She recommends young managers put themselves in the shoes of their mature workers and “provide them with the training and support that they would give anybody else to help them attain confidence in technology.”

LinkedIn AI poll

Myth: Mature employees don’t wish to take on responsibilities

While resistance to technology is a common assumption, a few other misconceptions include, more likely to take sick leave, ready to exit the workforce, or not interested in career development.

To this, Ms. Dennis emphasises that “everybody can have health or career issues at different times in their life, and we should not be discriminating or judging these situations based on individual circumstances rather than categorising everyone into a group.”

Whether it is a young manager and mature worker or vice versa, “it’s about establishing trust within the team, no matter where that diversity comes from — be it generational, cultural, or gender-based.”

“Don’t assume that the reason someone didn’t do something is because of their age,” clarifies Ms. Dennis.

As much as there are lingering cliches about mature employees, younger managers also undergo various challenges in the workplace.  They may be expected to “step into the management role” without having had much training, mentoring, or support.

Young managers need role modelling to succeed at managing performance

Performance management has evolved significantly over the past 20-30 years. Organisations are shifting from rigid annual or semi-annual reviews to a more flexible, yet humane approach focused on managing ‘for’ performance rather than managing ‘poor’ performance.

Effective performance management strategies require continuous relationship building and nurturing between the employer and the employee.

“And for mature workers, it may not necessarily be a familiar concept.”

“When they hear the word ‘performance’ or ‘managing performance’ it may have traditionally been a negative thing for them, so they may not be comfortable with receiving feedback in the same way that a younger worker might be,” says Ms. Dennis.

It can be a challenge for first-time managers to step into a leadership role with peers or more experienced workers, and they may struggle with gaining respect and trust. Ms Dennis also observed that being assertive could be a challenge and that new managers “may also be reluctant to reflect on their own level of comfort with conflict, having difficult conversations, or providing feedback to their team.”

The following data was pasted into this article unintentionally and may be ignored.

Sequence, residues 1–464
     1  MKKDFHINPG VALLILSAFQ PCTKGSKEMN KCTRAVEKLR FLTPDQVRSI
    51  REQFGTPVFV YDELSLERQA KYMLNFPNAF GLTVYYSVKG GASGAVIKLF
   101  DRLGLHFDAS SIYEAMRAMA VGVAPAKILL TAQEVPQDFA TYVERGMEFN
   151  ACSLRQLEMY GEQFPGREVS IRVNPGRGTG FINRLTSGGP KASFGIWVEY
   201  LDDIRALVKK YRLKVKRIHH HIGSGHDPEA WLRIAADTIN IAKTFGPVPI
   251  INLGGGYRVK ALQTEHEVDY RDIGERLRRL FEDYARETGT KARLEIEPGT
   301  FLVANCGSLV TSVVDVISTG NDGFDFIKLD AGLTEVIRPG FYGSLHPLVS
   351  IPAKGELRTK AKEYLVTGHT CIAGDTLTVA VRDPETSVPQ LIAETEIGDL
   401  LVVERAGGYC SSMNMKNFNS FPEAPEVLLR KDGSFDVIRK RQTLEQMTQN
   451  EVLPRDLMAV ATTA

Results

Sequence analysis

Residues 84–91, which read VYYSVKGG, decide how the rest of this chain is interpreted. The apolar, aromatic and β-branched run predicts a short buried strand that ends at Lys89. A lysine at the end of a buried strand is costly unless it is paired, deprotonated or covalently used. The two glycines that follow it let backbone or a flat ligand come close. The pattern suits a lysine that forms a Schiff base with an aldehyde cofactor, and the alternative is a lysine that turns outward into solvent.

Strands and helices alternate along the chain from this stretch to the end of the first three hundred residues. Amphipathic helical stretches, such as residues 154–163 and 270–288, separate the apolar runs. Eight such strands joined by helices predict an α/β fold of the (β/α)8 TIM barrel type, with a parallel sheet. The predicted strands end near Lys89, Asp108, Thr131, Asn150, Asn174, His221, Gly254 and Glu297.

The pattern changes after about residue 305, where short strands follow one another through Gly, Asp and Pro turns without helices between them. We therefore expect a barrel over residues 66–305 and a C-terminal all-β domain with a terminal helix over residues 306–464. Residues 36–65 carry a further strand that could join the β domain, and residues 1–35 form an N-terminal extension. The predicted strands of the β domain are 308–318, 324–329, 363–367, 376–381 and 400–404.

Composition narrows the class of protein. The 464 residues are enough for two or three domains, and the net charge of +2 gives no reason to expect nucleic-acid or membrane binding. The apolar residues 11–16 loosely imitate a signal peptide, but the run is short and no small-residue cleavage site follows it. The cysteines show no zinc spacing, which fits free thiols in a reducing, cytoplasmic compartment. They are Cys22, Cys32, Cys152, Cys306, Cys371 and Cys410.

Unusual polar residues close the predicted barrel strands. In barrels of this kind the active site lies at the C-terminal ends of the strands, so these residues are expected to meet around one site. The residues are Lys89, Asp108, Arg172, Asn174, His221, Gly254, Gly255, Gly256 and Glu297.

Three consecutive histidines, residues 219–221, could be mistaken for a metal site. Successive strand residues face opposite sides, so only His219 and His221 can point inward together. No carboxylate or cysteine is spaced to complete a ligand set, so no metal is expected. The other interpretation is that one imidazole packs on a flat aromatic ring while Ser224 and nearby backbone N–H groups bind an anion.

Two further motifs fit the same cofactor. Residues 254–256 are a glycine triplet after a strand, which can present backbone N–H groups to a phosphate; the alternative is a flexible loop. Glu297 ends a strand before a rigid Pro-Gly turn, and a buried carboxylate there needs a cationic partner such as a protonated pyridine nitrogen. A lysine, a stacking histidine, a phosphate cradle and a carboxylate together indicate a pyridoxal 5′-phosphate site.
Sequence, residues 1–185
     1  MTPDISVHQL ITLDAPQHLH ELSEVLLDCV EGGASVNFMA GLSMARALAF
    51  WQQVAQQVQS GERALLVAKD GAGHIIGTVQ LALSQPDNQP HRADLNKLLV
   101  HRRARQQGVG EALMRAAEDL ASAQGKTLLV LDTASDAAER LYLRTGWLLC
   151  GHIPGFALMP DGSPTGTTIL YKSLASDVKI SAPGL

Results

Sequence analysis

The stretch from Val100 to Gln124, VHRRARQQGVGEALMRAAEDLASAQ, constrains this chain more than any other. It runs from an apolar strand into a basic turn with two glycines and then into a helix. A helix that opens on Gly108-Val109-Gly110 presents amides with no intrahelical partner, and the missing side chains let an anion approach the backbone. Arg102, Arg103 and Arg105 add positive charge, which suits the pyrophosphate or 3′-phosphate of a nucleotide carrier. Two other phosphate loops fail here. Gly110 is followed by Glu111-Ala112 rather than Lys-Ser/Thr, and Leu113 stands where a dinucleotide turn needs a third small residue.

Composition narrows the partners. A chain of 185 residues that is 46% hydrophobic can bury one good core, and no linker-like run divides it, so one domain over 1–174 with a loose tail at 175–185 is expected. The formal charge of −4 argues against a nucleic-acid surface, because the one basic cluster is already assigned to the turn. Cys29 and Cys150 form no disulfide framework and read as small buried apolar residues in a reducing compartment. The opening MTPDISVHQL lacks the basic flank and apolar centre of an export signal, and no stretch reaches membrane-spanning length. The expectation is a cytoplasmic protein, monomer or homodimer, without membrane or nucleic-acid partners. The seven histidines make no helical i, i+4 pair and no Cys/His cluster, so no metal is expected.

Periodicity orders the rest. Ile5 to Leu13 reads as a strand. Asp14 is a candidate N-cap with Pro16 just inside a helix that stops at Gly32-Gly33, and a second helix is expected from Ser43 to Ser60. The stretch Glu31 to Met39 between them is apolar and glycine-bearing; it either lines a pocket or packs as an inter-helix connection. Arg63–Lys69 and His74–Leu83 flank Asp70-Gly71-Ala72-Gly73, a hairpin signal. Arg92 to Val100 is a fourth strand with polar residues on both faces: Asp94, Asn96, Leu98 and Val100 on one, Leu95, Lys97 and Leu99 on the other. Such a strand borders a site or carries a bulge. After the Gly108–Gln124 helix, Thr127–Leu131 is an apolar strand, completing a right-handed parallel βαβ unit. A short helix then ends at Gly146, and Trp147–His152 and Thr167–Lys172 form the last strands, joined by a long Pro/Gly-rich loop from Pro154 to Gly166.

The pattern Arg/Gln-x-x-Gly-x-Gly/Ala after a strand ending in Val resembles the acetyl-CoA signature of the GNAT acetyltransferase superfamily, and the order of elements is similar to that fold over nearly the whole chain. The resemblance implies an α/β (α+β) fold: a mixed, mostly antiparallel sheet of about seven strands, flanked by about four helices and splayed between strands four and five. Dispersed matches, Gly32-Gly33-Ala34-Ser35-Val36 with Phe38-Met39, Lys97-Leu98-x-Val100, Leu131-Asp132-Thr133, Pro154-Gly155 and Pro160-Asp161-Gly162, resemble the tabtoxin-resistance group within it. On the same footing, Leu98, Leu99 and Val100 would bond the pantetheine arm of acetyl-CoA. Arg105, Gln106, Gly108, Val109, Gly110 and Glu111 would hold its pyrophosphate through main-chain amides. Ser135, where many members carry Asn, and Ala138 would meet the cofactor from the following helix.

This avoidance can make it harder to form genuine bonds with their team and to create trust in the workplace, highlights Ms. Dennis.

“Sometimes there’s a reluctance for them to step into that role of authority when they need to, and they might potentially say things like, I don’t want to be seen as the manager; I just want to be part of the team.

Ms. Dennis explains, “Being a collaborative, team-based leader is a valuable skill, but there are times when you need to make decisions or have challenging conversations.”

She highlights that a sense of credibility and respect can be established if younger managers are willing to be genuine in their approach to managing others and demonstrate strong leadership behaviours that are built on:

  • Setting clear expectations
  • Establishing boundaries and respect
  • Being open and vulnerable about their own challenges and learning opportunities
  • Understanding individual motivation levels
  • Preferred communication styles

Gaining such intricate leadership skills can take time and experience, however leadership training and coaching can be an important component of developing your sense of what sort of leader you aspire to be, and reflecting on what you need to work on to get there

“You know, credibility also comes from moving past the mindset that you have to listen to me because I’m the boss, but rather being able to share with that mature worker your experiences, strengths and challenges and developing genuine respect so that you’re delivering without coming across as condescending or belittling,” Ms. Dennis advises.